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CHASKA, Minnesota (Reuters) - Patrick Reed, 'Captain America' for the United States at Hazeltine National this week, and former 'Boy Wonder' Rory McIlroy served up an electrifying Ryder Cup duel for the ages on Sunday.
In the first match out in the last-day singles, the hottest players on either side treated the massive galleries to a birdie slugfest that finally ended with Reed winning one-up to earn the first point of the day for the home team.
Well after their contest was over, the U.S. fans were still chanting 'Patrick Reed, Patrick Reed' in a thunderous tribute to the burly Texan who ended an inspirational week with three-and-a-half points out of a possible five.
"To go out there and play the way I did this week, I don't really know what to say," an emotional Reed told reporters after racking up an eagle, five birdies and three bogeys in a brilliant display on a sun-baked layout.
"I knew today was going to be tough going against a guy like Rory, especially with how he was playing earlier this week. To come out and play as well as we did, especially on that front nine, it was definitely something fun to be a part of.
"Anytime I get to wear red, white and blue means so much. It gives me goosebumps. It was amazing to be in front of our fans."
Reed and McIlroy were always likely to provide a thrilling battle in the top match and they delivered in sensational fashion, particularly before the turn.
Watched by massive galleries, the duo went toe-to-toe like heavyweight boxers in a ring, time and again matching each other with stunning shot-making and a barrel-load of birdies.
McIlroy grabbed four birdies in a row from the fifth in an explosive front nine while Reed countered with four of his own, plus an eagle at the 303-yard par-four fifth where he drove the green and sank a seven-footer.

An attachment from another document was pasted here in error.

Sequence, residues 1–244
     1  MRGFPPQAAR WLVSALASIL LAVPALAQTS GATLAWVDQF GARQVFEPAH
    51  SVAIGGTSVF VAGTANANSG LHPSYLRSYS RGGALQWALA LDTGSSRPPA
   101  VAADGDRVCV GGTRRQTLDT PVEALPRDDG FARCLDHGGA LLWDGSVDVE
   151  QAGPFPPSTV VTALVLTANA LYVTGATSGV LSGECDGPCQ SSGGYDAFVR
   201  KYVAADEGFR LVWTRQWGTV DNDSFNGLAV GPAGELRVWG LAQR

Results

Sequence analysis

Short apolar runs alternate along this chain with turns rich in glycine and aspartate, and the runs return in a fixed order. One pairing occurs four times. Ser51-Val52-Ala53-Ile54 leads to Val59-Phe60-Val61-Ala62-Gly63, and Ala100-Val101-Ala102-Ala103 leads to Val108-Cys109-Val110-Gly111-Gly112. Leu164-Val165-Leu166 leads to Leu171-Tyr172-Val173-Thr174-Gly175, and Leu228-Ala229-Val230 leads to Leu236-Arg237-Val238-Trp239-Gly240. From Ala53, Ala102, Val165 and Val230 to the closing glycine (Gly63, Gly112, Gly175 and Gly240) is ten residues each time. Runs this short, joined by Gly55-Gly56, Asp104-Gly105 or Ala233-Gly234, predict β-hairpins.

Reed's eagle, which sparked huge roars of 'USA, USA, USA' from the crowd crammed round the green, got the match back to all square before the players treated the fans to a slice of magic, and sheer golfing theatre, at the par-three eighth.
McIlroy drained a 40-foot bomb for birdie from the front of the green and bellowed in delight, before yelling "Come on".
He then put his hand behind his ear and screamed, "I can't hear you, I can't hear you", to the partisan crowd.
Reed responded with high drama, sinking a 20-footer from just off the green for a matching birdie to trigger deafening roars from the gallery before he wagged his finger in McIlroy's direction, then waved his arms to whip up even more cheers.
In a wonderful show of sportsmanship, Reed bumped fists with a smiling McIlroy just off the green before the pair walked off to the ninth tee arm in arm.
Amid groans from a disappointed crowd, the American narrowly missed a 12-footer at the 15th that would have put him two-up but he made amends on the next hole with a conceded birdie four after hitting a brilliant bunker shot to two feet.
Reed stumbled with a bogey at the par-three 17th where his first effort overshot the green and his chip back trickled off the front into a collar of rough. McIlroy sank a nerve-jangling four-footer for par to cut the deficit to one-up.
In a fitting end to a duel of rare quality, both players hit exquisite approach shots at the par-four last, Reed's ball finishing five feet from the pin, with McIlroy's one foot closer, before the American sank his birdie putt.
Editing by Tony Jimenez